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TINA TRASTER writes the 'Burb Appeal' column for The New York Post and "The Great Divide" blog for the Huffington Post. She is a city girl who has turned her efforts to social commentary on life in a NY-metro area suburb. She is not afraid to "out" bad actors, annoy neighbors, take on bumbling town officials or challenge anyone who messes with her bliss. She lives with her husband, young daugther and four cats in an 1850s reclaimed farmhouse on a beautiful mountain precipice.

Traster is at work on a memoir called Burb Appeal.

You can reach her via email at [email protected]

10 responses to “90 Miles North”

  1. Greg Olear says:

    Woodstock is the old cliche: great to visit, but you don’t wanna live there. That little main street gets impossibly clogged with traffic, the stores are expensive, and the people who actually live there tend to be aging Baby Boom hippies.

    It is also worth noting that Woodstock did not happen in Woodstock; they just stole the name for its cultural cachet (the town was, a century and a half ago, an artists colony).

    Have you been to Uptown Kingston yet? That’s where it’s at. (And of course New Paltz, where we lived until recently, and will probably live again soon).

    On an unrelated note, since you’re near Nyack, please go to Cafe Barcel and order the bunuelos. Trust me. Just do it.

  2. Tina Traster says:

    Thought the same about Woodstock — but got a different vibe that summer. New Paltz, yes, our happy place. Almost bought a house there — and we make regular pilgrimages to Minnewaska, etc. Do spend some time in Kingston — though more so in Roundout district. Know the crepe place there? Worth driving 90 minutes for. How did you like New Paltz? Why did you leave and where did you go? Is there something about being pulled north a little at a time?

    • Greg Olear says:

      We loved New Paltz. Why we left and where we went…to my NJ hometown, for a variety of kid-related reasons…but that will be the subject of a post one of these days…

      I wrote the review of Cafe Barcel for Hudson Valley Magazine. Man, that place was good.

  3. M.J. Fievre says:

    Miami, here. I don’t know the north too well. You got me curious…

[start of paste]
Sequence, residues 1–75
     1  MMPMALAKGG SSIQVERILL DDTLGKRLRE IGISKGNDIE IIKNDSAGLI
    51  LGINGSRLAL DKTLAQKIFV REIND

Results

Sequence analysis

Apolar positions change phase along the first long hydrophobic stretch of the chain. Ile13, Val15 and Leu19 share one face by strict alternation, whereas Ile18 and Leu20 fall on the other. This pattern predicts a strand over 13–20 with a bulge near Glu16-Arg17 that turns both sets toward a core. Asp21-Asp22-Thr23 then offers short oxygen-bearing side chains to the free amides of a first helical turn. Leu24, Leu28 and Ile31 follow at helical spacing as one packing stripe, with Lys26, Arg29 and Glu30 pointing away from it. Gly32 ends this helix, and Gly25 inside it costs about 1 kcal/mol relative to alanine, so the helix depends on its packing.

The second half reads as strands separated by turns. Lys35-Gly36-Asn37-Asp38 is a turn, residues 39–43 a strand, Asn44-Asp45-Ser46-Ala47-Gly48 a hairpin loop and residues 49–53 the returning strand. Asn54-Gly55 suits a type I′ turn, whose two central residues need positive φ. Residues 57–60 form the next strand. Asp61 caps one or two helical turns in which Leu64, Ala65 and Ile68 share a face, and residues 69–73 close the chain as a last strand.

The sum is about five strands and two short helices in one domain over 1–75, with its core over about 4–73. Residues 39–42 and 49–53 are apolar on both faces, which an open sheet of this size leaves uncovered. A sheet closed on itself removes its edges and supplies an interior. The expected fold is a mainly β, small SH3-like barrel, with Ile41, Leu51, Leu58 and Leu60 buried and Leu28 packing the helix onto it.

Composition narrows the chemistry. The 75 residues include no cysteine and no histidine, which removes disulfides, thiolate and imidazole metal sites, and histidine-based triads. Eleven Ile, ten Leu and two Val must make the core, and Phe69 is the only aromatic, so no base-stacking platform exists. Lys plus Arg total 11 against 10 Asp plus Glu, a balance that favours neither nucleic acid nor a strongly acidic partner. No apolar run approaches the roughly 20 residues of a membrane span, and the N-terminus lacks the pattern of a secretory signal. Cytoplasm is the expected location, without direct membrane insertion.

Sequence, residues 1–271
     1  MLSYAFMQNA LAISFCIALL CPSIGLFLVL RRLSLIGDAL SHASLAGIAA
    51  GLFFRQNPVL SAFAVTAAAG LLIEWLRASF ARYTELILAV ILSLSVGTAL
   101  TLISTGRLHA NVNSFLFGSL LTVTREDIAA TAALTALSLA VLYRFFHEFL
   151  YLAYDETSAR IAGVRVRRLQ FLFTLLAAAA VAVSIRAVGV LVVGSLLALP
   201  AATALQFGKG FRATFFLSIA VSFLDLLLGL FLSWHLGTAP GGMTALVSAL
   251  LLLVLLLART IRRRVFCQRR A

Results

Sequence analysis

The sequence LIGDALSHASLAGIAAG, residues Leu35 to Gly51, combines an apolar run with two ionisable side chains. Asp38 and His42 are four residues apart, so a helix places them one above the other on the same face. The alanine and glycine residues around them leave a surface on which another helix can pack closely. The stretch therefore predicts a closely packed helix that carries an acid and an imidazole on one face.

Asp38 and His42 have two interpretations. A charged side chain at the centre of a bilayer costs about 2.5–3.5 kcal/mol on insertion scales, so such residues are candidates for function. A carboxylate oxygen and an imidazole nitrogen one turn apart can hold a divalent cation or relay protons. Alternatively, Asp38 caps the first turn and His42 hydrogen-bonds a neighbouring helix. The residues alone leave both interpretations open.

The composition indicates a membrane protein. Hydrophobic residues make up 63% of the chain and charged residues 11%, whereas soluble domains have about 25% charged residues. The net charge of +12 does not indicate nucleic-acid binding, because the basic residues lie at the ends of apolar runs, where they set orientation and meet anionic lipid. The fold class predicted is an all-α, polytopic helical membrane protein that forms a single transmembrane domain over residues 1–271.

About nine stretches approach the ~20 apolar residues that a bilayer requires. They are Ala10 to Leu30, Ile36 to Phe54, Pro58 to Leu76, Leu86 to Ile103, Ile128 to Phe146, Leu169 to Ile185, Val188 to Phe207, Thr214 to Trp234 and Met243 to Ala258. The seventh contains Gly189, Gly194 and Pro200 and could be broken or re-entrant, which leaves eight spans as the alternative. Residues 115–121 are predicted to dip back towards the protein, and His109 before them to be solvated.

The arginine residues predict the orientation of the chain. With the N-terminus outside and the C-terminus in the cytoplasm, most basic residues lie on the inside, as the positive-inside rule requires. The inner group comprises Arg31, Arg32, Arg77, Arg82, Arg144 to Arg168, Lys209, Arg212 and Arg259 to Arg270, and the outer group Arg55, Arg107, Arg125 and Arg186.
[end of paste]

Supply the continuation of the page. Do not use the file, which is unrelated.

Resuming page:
4. Tina Traster says:

    check it out. tell me what you think!

  5. Andrew Nonadetti says:

    Life is too short to just dip your toes. Come West, good woman, and jump in with both feet ;).

  6. Tina Traster says:

    So much temptation. So little time. Alas I continue to dream….

  7. Doug Bruns says:

    There is so much I like about the piece, the fuzzy molded slippers, the naked lady swimming across the lake, and so forth. Thank for your a wonderful essay, so full of meaningful flights of fancy. I think place matters. Woodstock or wherever. Place matters. It is an understanding I came to only recently, at mid-life, after moving to Maine from the congested hot crowded rushing mid-Atlantic, Capital of a congested hot crowded rushing people. This is an important realization for me, this matter of place. It seems we are taught that we take our troubles, happiness, concerns and loves with us, like pieces of over-stuffed American Tourister (now there is a name Don Draper could sink his teeth into!) luggage. Not so. I am convinced. We can escape. Why else would Henry David escape to the pond? When asked, why Maine. I answer: because my muse lives here. It is simple. Some places are right. Some are not.

    Thanks for the essay. There are as many places as there are dreamers.
    D

    • Tina Traster says:

      I know what you mean — though I’m not sure I can imagine ever saying “this place is forever!” I love to dream about getting more rural, but then my DNA is so deeply ingrained in what I’ve built here. Unlike all my city dwellings, my country (er, suburban) spread is my creation — and still creating. That’s harder to leave, except when I venture further north I feel the pull. Ah, conflict.

  8. […] West” was my advice to Tina Traster but those words don’t scratch the surface of my passion for my adopted home.¬† They slide beneath […]